AFTER Abdel-Fattah al-Sisi, Egypt’s president, welcomed hundreds of foreign dignitaries to the seaside resort of Sharm el-Sheikh last year, he made them a simple pitch. The upheaval that followed the Arab spring in Egypt was over, said Mr Sisi, who had ousted his Islamist predecessor, and the country was ready for their investment. He promised stability and economic reforms. His guests, in turn, rewarded Egypt with cash, loans and new business. It was “a moment of opportunity”, said Christine Lagarde, the head of the IMF.
That opportunity has been squandered. A team from the IMF is now back in Egypt negotiating a new package of loans thought to be worth $12 billion over three years. Mr Sisi desperately needs the cash. His government faces large budget and current-account deficits (almost 12% and 7% of GDP, respectively), as Egypt’s foreign reserves run perilously low. An overvalued currency, double-digit inflation and a jobless rate of 12% complete the dismal picture. Potential investors are staying away.
Egypt’s government inspires little confidence. The new IMF package would be contingent on reforms that politicians have talked about for years, but failed to implement. Take a value-added tax, which would raise much-needed revenue. A proposal is now before parliament, but it has caused uproar owing to concerns over inflation, which has just hit 14%. Similar misgivings caused Mr Sisi to back away from a promise to end fuel subsidies, after trimming them in 2014. Parliament is holding up reform of Egypt’s bloated civil service, despite Mr Sisi’s pledge that nobody would be fired.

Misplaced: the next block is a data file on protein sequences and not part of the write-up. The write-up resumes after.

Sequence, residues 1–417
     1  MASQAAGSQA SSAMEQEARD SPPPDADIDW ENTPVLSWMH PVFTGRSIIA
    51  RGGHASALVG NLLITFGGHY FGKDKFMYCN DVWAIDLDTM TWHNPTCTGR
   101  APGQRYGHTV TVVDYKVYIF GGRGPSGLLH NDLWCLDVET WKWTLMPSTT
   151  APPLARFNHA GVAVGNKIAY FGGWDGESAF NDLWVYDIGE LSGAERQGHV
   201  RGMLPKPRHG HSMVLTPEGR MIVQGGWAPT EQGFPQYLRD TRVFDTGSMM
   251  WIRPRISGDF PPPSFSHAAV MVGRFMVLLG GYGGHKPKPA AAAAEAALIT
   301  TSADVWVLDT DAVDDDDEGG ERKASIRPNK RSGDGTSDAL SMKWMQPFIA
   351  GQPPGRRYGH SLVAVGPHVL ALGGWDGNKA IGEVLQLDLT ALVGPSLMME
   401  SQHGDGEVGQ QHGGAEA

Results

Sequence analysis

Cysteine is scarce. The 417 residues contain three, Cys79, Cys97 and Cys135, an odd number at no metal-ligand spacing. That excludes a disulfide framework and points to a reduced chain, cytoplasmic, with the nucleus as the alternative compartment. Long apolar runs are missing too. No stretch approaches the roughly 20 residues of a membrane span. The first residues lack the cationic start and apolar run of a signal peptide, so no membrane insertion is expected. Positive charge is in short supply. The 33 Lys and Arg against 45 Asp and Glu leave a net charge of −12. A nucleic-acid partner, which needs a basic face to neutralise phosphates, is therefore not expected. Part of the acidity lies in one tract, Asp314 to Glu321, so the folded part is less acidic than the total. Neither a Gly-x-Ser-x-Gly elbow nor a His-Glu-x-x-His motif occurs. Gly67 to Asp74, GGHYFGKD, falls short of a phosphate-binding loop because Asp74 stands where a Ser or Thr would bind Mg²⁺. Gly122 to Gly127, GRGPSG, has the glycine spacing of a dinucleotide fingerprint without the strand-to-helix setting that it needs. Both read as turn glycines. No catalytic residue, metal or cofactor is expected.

In the face of such inertia, the World Bank has withheld a separate package of support. The African Development Bank may do the same. Even the Gulf states, which strongly support Mr Sisi and have given Egypt billions of dollars in aid, seem to be losing faith. The United Arab Emirates is believed to have pulled its advisers out of the country in dismay. The latest instalments of aid have been slow to arrive.
Hoarding is haram
The government’s fecklessness extends to Egypt’s most pressing problem: its overvalued currency. While the official exchange rate is 8.83 Egyptian pounds to the dollar, the black market rate is over a third higher. The demand for dollars has outpaced supply owing to steep drops in tourism and foreign investment, key sources of hard currency. So the government has tried to keep dollars in Egypt by, for example, limiting bank withdrawals. Al-Azhar, the country’s Muslim authority, has declared it a sin to hoard foreign currency. But these efforts have merely scared off potential investors and hobbled Egyptian importers.
There is concern that a weaker pound would lead to even higher prices, as Egypt imports many staples, such as wheat. But the government ought to worry more about its broken subsidy schemes. Egypt is the world’s largest market for wheat, which is bought by the state and used to make heavily subsidised bread. The state buys some wheat at home at an outrageous mark up to encourage local farmers. This scheme drains public coffers and is horribly corrupt. Farmers mix foreign wheat with their own and sell it at jacked-up prices. Bureaucrats exaggerate the amount of wheat in government silos and pocket some of the subsidies. A smart-card system that is meant to track bread purchases has been hacked, allowing some bakers to load up on subsidised flour.